Listen Up! Following A Healthy Diet Can Lower Your Risk Of Hearing Loss

BOSTON — Hearing loss in old age can be one of the most frustrating aspects of entering our golden years. A new study, however, reveals a simple strategy that may effectively reduce one’s risk of suffering a decline in hearing ability as the years go on: eating well!

Researchers from Brigham And Women’s Hospital say that women who closely followed healthy diets, such as the Dietary Approaches to Stop Hypertension (DASH) diet or the Alternate Mediterranean diet (AMED), were much less likely to suffer from hearing loss.

“A common perception is that hearing loss is an inevitable part of the aging process. However, our research focuses on identifying potentially modifiable risk factors — that is, things that we can change in our diet and lifestyle to prevent hearing loss or delay its progression,” says lead author Sharon Curhan, MD, a physician and epidemiologist in the Brigham’s Channing Division of Network Medicine, in a release. “The benefits of adherence to healthful dietary patterns have been associated with numerous positive health outcomes and eating a healthy diet may also help reduce the risk of hearing loss.”

Prior research had already indicated that certain foods, such as fruits, vegetables, and seafood, appeared to lower the risk of self-reported hearing loss in old age. But, researchers wanted to look into the matter more closely than ever before by looking at the effect of overall dietary patterns on hearing quality over time.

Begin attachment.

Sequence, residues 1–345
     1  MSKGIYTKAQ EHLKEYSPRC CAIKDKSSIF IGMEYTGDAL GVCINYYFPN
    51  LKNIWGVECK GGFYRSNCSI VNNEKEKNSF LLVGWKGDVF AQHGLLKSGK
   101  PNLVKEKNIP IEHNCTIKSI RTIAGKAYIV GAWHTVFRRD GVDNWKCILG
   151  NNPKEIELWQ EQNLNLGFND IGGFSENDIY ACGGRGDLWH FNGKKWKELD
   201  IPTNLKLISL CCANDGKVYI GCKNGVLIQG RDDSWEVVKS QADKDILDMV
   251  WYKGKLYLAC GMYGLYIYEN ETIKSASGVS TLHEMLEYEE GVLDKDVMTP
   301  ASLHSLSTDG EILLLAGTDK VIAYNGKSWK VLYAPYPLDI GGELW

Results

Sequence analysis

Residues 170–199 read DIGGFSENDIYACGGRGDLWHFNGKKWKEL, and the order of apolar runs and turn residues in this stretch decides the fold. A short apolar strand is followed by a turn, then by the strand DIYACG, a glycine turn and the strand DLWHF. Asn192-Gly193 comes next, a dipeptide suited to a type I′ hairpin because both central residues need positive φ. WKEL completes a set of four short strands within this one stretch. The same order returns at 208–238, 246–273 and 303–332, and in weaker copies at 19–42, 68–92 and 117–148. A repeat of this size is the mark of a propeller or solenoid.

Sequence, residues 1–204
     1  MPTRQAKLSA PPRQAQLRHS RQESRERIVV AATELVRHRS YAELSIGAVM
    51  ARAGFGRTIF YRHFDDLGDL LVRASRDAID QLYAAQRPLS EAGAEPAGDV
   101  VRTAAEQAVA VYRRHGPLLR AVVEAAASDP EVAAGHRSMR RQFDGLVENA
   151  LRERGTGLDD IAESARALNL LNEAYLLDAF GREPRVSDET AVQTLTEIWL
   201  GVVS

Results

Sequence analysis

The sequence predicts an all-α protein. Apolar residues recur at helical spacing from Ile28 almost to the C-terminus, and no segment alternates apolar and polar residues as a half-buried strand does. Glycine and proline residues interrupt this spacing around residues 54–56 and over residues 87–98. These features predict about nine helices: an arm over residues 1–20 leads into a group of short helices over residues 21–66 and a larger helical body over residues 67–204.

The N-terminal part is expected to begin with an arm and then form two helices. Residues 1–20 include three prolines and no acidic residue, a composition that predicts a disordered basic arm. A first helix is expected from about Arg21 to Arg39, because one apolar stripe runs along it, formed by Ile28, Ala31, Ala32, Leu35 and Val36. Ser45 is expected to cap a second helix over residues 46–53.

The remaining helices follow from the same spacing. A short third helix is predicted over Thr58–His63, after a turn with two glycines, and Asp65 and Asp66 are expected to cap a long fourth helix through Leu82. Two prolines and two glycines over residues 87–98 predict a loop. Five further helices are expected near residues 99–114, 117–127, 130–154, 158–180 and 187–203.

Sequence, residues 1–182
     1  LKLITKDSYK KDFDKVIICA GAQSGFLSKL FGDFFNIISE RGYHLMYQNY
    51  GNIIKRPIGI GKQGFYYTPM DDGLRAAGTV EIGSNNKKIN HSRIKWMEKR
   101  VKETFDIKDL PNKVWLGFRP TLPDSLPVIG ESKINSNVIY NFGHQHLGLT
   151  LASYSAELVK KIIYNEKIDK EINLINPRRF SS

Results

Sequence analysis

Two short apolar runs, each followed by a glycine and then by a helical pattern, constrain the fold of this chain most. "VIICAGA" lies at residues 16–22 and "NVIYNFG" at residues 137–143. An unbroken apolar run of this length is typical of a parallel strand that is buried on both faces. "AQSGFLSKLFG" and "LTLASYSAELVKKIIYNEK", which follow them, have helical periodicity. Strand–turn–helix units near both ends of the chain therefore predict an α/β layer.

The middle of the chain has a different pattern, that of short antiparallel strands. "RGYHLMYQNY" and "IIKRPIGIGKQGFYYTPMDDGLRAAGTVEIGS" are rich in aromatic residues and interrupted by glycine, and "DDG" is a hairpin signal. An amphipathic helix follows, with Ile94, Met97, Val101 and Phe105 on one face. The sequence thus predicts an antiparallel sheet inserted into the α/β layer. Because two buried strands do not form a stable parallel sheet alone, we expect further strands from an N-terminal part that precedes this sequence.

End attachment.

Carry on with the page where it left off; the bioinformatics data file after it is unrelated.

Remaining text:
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To come to their conclusions, the study’s authors established 19 testing locations all over the United States and had licensed audiologists measure changes in participating women’s hearing abilities over the course of three years. Specifically, the audiologists looked for fluctuations in the participants’ pure-tone hearing thresholds, or the absolute lowest pitch volume they were capable of hearing.

Audiologists played participants tones of different frequencies (0.5, 1 and 2 kHz as low-frequencies, 3 kHz and 4 kHz as mid-frequencies, and 6 kHz and 8 kHz as higher frequencies) at different “loudness” levels. Participants were then asked to indicate at what point they could barely hear anything at all.

Then, using over 20 years of dietary information that had been collected on the participants, the research team looked to see how closely the women’s diets resembled healthy diets.

They discovered that women who closely followed a healthy diet had an almost 30% lower chance of experiencing a decline in their mid-frequency hearing sensitivity. Regarding higher frequencies, women with healthy diets had a 25% lower risk.

“The association between diet and hearing sensitivity decline encompassed frequencies that are critical for speech understanding,” Curhan explains. “We were surprised that so many women demonstrated hearing decline over such a relatively short period of time. The mean age of the women in our study was 59 years; most of our participants were in their 50s and early 60s. This is a younger age than when many people think about having their hearing checked. After only three years, 19 percent had hearing loss in the low frequencies, 38 percent had hearing loss in the mid-frequencies, and almost half had hearing loss in the higher frequencies. Despite this considerable worsening in their hearing sensitivities, hearing loss among many of these participants would not typically be detected or addressed.”

In the future, the research team would like conduct further research with a larger and more diverse population sample. This study consisted largely of only middle-aged, white women, so future studies should include more age groups, genders, and ethnicities.

The study is published in the American Journal of Epidemiology.

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